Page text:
This shift toward renting versus buying is occurring despite a relative improvement in the financial situations for many renters: 41% of them say they have enough funds to go beyond each payday, as opposed to living paycheck to paycheck or not having enough money for basic necessities, the highest level since October 2015, Freddie Mac found. Harris Poll surveyed more than 4,000 adults on Freddie Mac’s behalf, of which 1,282 were renters, to help produce the report.

And yet a sizable chunk of people are unhappy with renting. Nearly 40% of people Freddie Mac surveyed were dissatisfied to some extent with their rental experience, with young and urban renters — who are likely to be living in smaller, more expensive spaces — more likely to be displeased.

So why are they not buying? People’s attitudes toward affordability, which cut across generations, is a big factor. “Although their finances are better, renters are comfortable with continuing to rent with many believing renting will be more affordable or stay the same for them in the next 12 months,” Freddie Mac noted.

In particular, rising home values have hurt many would-be homebuyers. A recent report from real-estate website Zillow found that more than two-thirds of renters cite the down payment as the biggest obstacle to owning a home. Indeed, it can take more than a typical year’s salary in some markets to be able to afford one.

At the same time, rental markets have stabilized recently. “Rents have been relatively flat over the last year and we don’t expect them to rise much in the next year in most areas,” Svenja Gudell, chief economist at Zillow, said. “That urgency that once existed is not there anymore.”

Affordability is just one factor though — the availability of homes also plays a role. “Even if you were to go out and try to buy a home, inventory is so constrained you’ll have trouble to find one,” Gudell said. “If there’s not much advantage to owning a home versus renting, people will feel comfortable in the decision to continue to rent.”

Source: marketwatch.com

Have You Had Your Rental Home On The Market Long?

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As a #TriangleArea property manager, our main priority is maximizing your annual rental income. This means minimizing your rental vacancy rates. Have you had your house on the market long?! We can help! Give us a call at (919) 306-5665.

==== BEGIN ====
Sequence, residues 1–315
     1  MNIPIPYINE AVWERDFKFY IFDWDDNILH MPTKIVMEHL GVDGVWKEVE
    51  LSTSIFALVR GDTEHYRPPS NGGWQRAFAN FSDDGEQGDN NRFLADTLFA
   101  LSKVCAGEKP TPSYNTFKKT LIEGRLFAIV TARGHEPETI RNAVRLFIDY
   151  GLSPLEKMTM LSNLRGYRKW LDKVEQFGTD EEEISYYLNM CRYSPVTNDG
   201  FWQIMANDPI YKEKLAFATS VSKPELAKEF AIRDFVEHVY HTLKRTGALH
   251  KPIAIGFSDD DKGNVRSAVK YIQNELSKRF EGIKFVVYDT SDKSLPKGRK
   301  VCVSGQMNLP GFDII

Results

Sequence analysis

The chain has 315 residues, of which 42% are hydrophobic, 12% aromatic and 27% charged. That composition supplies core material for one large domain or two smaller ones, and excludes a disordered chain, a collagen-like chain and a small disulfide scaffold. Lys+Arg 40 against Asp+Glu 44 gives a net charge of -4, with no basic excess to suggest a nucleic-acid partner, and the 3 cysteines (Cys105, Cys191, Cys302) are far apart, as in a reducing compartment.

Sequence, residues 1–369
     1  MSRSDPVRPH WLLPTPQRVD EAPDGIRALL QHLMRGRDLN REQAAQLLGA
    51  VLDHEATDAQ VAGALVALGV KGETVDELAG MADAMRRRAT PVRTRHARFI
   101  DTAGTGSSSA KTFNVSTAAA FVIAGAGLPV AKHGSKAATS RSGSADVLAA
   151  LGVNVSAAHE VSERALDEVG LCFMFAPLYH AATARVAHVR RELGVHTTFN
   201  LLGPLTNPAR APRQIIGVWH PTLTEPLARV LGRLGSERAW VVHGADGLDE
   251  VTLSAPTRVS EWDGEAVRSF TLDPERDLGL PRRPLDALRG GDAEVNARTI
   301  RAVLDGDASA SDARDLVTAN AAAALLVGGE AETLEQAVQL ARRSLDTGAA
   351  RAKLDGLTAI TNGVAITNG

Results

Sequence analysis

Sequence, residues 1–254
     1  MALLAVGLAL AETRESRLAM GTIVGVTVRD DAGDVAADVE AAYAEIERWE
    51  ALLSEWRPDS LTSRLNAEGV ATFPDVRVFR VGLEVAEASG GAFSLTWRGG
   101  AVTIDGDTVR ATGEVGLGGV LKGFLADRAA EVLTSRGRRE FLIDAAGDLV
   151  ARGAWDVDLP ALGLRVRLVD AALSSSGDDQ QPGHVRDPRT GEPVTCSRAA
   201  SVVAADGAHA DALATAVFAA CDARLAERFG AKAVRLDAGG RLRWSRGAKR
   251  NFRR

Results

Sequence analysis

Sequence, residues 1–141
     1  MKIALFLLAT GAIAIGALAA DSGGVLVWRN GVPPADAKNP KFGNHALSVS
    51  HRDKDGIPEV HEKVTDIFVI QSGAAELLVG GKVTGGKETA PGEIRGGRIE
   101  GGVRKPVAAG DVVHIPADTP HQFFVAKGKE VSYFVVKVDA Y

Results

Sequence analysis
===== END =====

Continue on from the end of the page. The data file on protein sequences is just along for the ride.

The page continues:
#BevRobertsRentals #Apex #Cary #Raleigh#WakeCountyNC

How Much Should You Keep in Rental Reserves?

by Attorney William Bronchick, Legalwiz.com

“Cash is King”, so they say, and investor would be wise to keep an adequate cash reserve for things that can go wrong in real estate, particularly rentals. It is easy to buy real estate with no money down, but it’s difficult to survive when you have no cash set aside for a rainy day.

There’s no magic formula you can use to determine how much you should keep in reserve in the real estate business. When I have rental properties, the four key factors I consider are strength of the local rental market, eviction time line and cost, the age of the property, and the type of neighborhood.

Strength of the Local Rental Market

The lower the vacancy rates in your area, the fewer reserves you’ll need for vacancies. Your local newspaper or your city’s housing department may have articles or statistics on vacancy rates. You should, at a minimum, have enough cash reserves to pay for one month of vacancy per unit, which is only an 8-percent vacancy rate.

Even in a good market, you’ll deal with problem tenants who may stop paying rent and require an eviction. Good tenant screening will help solve this problem. If you plan to rent properties, you should always, without exception, do a rigorous background check on tenants. This includes reviewing credit reports, employment verification, references, and calling current and previous landlords.

Eviction Time Line and Cost

The length of time it takes to evict a tenant is relative to your cash reserves. In pro-tenant states like New York and Massachusetts, it could take months and thousands of dollars in legal fees to evict a tenant—all while you’re paying the mortgage. In addition, in our experience, collecting back rents or damages from tenants who’ve been evicted can be futile.

Age of the Property

With newer and recently renovated properties, you won’t need to anticipate many repairs in the first few years. As noted earlier, we recommend that you always hire a professional property inspector before you buy. Inspectors will go through the property with a fine-tooth comb, which helps ensure you’ll have no surprises later on. Another thing to keep in mind is that many utility companies offer a fixed monthly payment option so you don’t experience payment swings each season if you’re paying for heating, water, or other utilities as the landlord.

Type of Neighborhood

If you’re renting properties in low-income neighborhoods, you can expect the turnover to be much higher than in high-income areas. In addition, multiunit buildings with small units and one-bedroom condos will attract more single people who tend to move more often than families.

Cash flow management is the bedrock of survival in any business, with real estate being no exception. Investors must be careful not to run out of cash or they will be soon out of business.